GNWT prepares, again, to help repair a flood-ruined town
Thousands of people wait with uncertainty having left their homes and many of their possessions behind as floodwaters continue to rise in Hay River and the Kátł’odeeche First Nation.
Territorial officials say they are prepared to help with cleanup and recovery efforts once the water recedes, but it could take years before the territorial government receives financial compensation for repair to damages.
“We do not know the extent of the damage as Hay River continues to flood,” municipal and community affairs minister Shane Thompson told reporters on Thursday afternoon. “Ice jams have not yet released.”
Premier Caroline Cochrane said the territory will be seeking reimbursement from the federal government but it’s a lengthy process that will take a couple of years. She said the NWT government has not yet “finalized last year’s filing the papers” for damages resulting from flooding.
“I want to ensure that residents know that money is a concern but our primary concern is the safety of residents,” she said.
“It’s a devastating situation and I want residents who are currently displaced to know the entire territory is thinking of them during this difficult time.”
Following historic flooding in the Dehcho region in 2021, some residents said the territory’s disaster assistance policy, which capped individual claims at $100,000, wasn’t adequate. There was also confusion about how people could apply for funding and when they should expect compensation.
The NWT government in June 2021 pledged to pay for all repairs to return homes to pre-flooding conditions.
Thompson on Thursday stressed that the policy is meant to provide assistance and is not an insurance policy.
Over the past year, he said changes have been made to the NWT’s disaster assistance policy – meant to help return homes and businesses to pre-disaster conditions – to better address the needs of residents. He said more details on the updated policy would be revealed early next week.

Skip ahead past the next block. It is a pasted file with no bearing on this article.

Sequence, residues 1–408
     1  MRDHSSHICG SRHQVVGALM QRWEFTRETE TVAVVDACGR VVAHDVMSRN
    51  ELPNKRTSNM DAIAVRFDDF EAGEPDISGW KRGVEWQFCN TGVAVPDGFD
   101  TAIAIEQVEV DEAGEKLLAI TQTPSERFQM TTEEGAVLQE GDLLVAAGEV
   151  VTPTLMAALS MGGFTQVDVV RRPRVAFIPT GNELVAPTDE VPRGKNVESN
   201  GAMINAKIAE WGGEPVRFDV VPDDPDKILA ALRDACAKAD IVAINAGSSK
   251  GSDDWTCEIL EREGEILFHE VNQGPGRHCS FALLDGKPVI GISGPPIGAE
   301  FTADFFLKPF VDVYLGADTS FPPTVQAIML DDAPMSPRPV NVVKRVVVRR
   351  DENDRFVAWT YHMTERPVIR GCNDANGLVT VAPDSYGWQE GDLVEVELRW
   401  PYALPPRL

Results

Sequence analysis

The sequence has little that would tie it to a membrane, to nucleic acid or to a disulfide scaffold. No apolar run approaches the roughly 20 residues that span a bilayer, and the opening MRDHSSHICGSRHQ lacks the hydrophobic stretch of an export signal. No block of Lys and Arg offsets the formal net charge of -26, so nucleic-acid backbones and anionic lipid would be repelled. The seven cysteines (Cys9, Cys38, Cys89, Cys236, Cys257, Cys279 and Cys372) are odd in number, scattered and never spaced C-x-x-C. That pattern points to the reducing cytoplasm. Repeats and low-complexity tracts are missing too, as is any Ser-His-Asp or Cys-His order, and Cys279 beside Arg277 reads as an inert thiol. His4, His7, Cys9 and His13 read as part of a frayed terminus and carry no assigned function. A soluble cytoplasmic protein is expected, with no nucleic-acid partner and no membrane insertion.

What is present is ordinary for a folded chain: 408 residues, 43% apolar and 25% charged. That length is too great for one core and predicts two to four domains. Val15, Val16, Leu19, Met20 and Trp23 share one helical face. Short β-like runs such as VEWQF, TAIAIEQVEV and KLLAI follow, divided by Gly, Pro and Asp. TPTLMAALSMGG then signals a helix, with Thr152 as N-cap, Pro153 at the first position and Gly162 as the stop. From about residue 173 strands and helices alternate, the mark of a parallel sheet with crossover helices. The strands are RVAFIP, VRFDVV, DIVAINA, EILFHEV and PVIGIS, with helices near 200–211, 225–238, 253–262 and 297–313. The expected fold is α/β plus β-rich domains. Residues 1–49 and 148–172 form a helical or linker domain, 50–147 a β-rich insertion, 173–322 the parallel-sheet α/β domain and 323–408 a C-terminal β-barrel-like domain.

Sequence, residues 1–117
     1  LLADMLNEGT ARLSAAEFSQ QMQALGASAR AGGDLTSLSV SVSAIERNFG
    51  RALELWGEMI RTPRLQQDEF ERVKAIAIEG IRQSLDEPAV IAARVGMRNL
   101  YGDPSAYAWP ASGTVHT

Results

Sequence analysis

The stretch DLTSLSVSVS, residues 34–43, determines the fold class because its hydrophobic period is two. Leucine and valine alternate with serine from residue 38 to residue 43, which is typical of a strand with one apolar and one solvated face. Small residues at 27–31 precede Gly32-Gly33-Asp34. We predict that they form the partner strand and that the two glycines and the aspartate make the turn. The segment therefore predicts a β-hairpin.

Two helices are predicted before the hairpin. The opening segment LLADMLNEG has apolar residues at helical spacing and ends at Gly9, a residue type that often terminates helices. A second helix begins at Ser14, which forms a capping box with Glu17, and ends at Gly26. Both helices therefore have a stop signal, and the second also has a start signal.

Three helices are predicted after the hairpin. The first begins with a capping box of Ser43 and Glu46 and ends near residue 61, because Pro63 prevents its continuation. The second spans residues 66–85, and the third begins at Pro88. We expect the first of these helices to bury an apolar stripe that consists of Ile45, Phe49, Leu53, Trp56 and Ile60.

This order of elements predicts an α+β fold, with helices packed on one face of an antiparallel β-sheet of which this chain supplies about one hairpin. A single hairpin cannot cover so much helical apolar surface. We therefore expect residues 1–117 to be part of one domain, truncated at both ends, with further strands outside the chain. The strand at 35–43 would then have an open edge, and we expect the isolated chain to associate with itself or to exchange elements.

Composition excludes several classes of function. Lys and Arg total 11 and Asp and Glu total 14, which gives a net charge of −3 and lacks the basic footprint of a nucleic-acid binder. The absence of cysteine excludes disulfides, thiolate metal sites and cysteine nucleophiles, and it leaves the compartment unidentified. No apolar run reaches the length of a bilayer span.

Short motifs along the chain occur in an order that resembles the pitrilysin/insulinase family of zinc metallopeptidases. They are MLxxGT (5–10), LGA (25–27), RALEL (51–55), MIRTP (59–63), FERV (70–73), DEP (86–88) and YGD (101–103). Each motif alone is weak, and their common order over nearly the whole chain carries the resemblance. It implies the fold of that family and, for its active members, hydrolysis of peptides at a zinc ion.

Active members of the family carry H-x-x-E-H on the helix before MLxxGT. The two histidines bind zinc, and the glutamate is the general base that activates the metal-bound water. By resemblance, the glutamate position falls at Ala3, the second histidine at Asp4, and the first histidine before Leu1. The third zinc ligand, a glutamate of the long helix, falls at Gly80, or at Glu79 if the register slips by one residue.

“I can tell you right now it’s not going to be perfect, but it’s really damn close to being way better than we had before,” he said.
Once residents are allowed to return to their homes, the minister said they should take photos and keep any receipts or other documentation of damages and repairs. He also encouraged those with insurance coverage to reach out to their providers.
Thompson said the territorial government has learned from last year’s flooding and is now better prepared for regional emergencies like flooding, wildfires, or Covid-19 outbreaks. That has included working with communities early to develop emergency measures, he said, and creating five new regional emergency management positions and three at headquarters.
“We’ve built the capacity of our staff, we’ve built the capacity of municipal governments, and our communications have been more,” he said. “We’re learning.”
Since flooding began earlier this month, Thompson said he has been in constant contact with the Kátł’odeeche First Nation and Town of Hay River. The territorial government has also helped to coordinate evacuation centres and other supports for evacuees, he said.
Laura Gareau, the deputy minister for the department, said the NWT is prepared to call on the Canadian Armed Forces or federal government for assistance if needed. She said that is dependent on requests from community governments and whether the territorial government is able to accommodate them.
Gareau said because the Kátł’odeeche First Nation is a reserve, the federal government is responsible for emergency response and recovery in the community, but the territory plans to support the community through that process.
Correction: May 13, 2022 – 9:44 MT. This article previously stated it could take years before residents are compensated for repairs to damage. In fact, it could take years before the territorial government is reimbursed by the federal government. Residents are highly unlikely to face a wait that long, and are normally reimbursed within weeks, the territory says.